When Rowan Coleman said in her novel that we are all made of stars, people might think she was only being a hopeless romantic comparing the depths of her love to stars exploding, supernova.

But that might not be the case anymore. Maybe the "We Are All Made of Stars" author was telling the truth.

The calcium in human bones and teeth came from stars exploding in supernovas, which scatters the mineral calcium across the universe.

An international team does this new study with 70 scientists after receiving a tip from an amateur astronomer.

The report says that Joel Shepherd saw a bright burst as he watched the spiral galaxy called Messier, which was 55 million light-years away.

Shepherd also saw a bright orange dot, which he soon shared with the astronomy community.

The finding shared by Shepherd went viral on the astronomer's community. They named this event of explosion SN 2019ehk.

Researchers later on, found that they had observed a calcium-rich supernova. X-rays showed new findings on the explosion and star itself.

Half of the calcium in the universe likely came from calcium-rich supernovae, according to a CNN report.

However, these explosions are considered to be rare occurrences, and scientists are finding it challenging to observe and analyze the incident. This is why they are not sure how calcium was created in these explosions.

Aside from calcium, explosions of stars are also known to make other elements such as gold and platinum.

"Observing supernovae within hours of the explosion is the new 'it' thing in our field right now," said Wynn Jacobson-Galan, study author, was quoted in a report.

Jacobson-Galan also said that the supernova revealed that when you discover something young, you can access the final moments of the star's life before the explosion.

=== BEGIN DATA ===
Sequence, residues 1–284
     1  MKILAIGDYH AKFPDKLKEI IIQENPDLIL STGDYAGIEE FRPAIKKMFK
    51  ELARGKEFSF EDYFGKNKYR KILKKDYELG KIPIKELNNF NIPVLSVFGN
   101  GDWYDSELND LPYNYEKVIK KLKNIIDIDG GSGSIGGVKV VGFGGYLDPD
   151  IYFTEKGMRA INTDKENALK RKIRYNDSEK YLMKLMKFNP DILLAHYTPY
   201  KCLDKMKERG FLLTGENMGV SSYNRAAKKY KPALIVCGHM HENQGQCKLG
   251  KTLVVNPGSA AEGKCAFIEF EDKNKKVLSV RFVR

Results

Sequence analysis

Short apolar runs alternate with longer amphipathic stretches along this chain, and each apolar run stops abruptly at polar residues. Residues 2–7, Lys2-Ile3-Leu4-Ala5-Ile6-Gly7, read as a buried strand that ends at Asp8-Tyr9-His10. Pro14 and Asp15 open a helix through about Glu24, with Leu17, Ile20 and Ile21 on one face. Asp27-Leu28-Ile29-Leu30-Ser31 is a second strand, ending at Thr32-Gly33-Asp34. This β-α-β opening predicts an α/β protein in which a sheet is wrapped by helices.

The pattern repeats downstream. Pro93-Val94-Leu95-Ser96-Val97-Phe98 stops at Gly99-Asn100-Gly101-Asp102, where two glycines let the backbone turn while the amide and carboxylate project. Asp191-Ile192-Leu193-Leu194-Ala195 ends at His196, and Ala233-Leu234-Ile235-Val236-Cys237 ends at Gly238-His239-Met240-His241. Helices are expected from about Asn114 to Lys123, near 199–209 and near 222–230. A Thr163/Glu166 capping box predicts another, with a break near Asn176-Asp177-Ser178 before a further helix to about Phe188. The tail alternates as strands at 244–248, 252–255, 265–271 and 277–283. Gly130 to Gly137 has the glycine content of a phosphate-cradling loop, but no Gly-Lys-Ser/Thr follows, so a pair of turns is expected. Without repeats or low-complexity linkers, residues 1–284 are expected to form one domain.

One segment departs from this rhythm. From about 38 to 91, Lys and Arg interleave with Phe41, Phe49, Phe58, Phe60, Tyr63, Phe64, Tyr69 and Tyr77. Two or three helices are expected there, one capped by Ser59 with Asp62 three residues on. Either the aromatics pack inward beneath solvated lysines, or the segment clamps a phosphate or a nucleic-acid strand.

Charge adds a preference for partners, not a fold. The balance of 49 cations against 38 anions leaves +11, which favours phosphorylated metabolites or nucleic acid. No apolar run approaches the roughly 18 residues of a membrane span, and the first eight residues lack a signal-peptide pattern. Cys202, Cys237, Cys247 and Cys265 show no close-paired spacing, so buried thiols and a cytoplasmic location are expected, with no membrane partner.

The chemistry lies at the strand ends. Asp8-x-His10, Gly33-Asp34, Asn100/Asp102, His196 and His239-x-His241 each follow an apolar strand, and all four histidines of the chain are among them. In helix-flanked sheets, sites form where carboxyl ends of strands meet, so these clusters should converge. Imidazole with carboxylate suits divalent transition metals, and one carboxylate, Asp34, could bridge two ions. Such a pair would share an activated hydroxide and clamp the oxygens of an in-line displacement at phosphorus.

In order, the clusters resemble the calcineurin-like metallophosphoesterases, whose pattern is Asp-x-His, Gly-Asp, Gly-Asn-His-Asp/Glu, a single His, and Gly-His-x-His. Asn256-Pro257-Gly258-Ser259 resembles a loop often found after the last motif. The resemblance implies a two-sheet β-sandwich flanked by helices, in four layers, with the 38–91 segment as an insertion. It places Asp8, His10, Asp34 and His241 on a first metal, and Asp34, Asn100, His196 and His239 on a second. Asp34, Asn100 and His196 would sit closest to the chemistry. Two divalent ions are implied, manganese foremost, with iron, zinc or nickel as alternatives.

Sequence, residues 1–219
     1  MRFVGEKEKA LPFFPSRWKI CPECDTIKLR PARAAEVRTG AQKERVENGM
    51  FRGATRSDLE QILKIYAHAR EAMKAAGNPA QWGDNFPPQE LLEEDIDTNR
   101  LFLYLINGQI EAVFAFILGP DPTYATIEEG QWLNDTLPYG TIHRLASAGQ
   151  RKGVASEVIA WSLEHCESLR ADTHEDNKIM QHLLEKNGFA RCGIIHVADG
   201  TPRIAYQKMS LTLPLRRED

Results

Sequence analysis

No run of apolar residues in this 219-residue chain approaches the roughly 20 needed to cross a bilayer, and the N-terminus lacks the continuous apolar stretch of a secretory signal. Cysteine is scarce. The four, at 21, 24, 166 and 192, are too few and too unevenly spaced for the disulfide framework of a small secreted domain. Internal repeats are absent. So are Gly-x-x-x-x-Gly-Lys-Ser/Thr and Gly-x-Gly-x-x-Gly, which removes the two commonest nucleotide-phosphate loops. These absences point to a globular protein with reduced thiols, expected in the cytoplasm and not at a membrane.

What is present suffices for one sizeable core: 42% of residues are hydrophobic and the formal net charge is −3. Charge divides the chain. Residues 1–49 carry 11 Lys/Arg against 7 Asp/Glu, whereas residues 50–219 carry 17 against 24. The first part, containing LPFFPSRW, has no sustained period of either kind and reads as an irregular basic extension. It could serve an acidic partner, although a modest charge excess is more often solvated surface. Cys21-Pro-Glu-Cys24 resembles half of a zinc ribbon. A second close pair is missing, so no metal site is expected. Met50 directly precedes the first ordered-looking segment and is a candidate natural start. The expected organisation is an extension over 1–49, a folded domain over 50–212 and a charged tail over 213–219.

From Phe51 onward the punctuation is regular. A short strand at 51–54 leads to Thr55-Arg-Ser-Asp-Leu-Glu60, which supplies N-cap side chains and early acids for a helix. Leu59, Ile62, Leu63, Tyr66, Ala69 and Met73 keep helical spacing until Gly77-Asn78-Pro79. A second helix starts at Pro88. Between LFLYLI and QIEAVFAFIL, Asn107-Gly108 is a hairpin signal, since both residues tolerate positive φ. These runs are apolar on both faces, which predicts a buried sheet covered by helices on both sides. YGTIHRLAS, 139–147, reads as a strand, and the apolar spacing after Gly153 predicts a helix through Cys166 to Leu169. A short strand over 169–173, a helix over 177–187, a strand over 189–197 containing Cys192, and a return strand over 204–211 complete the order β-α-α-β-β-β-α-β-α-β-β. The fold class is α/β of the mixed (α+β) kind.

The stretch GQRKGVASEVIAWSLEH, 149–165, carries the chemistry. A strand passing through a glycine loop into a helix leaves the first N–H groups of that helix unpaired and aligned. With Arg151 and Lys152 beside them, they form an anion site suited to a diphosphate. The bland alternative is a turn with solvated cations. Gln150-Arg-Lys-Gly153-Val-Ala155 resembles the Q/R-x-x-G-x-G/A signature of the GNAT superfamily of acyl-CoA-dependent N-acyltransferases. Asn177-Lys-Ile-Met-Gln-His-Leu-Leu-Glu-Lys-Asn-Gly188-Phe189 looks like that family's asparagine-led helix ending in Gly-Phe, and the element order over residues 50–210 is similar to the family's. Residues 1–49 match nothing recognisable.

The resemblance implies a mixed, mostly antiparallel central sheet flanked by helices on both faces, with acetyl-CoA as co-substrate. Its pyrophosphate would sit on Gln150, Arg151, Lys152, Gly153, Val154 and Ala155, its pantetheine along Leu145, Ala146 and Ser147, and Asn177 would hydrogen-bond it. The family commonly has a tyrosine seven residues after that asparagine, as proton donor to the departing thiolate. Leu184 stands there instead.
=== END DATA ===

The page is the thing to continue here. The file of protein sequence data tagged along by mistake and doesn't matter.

"The stars responsible for calcium-rich supernovae shed layers of material in the last months before explosion," Jacobson-Galan said.

The researchers said that the heat and pressure from the explosion creates a chemical reaction, making calcium.

The research said that each star produces only a small amount of calcium, but when a calcium-rich supernova happens, lots of calcium are made and released in the universe in seconds.

Jacobson-Galan said that calcium-rich supernovae produce just enough additional calcium in the explosion. He added that nature chooses that path of least resistance, and calcium provides that path when enough of it is present in a star explosion.

The researchers said the SN 2019ehk was the most calcium-rich ever observed in one event.

Raffaella Margutti, senior study author and assistant professor of physics and astronomy in Northwestern's Weinberg College of Arts and Sciences, said the event was not the most calcium-rich event. It was the richest of the rich.

Jacobson-Galan said the Hubble Space Telescope had observed this galaxy for the last 25 years. However, it never actually registered the specific star that caused the calcium-rich explosion.

He said that it was because the star was very faint.

Margutti said without the explosion; nothing could be seen there, adding that the Hubble can not even see it.

"We are designing observing strategies that would allow us to find a supernova when they are very young (and faint) and immediately repoint the X-ray spacecraft to catch the bright but short-lived X-ray emission," Margutti was quoted.

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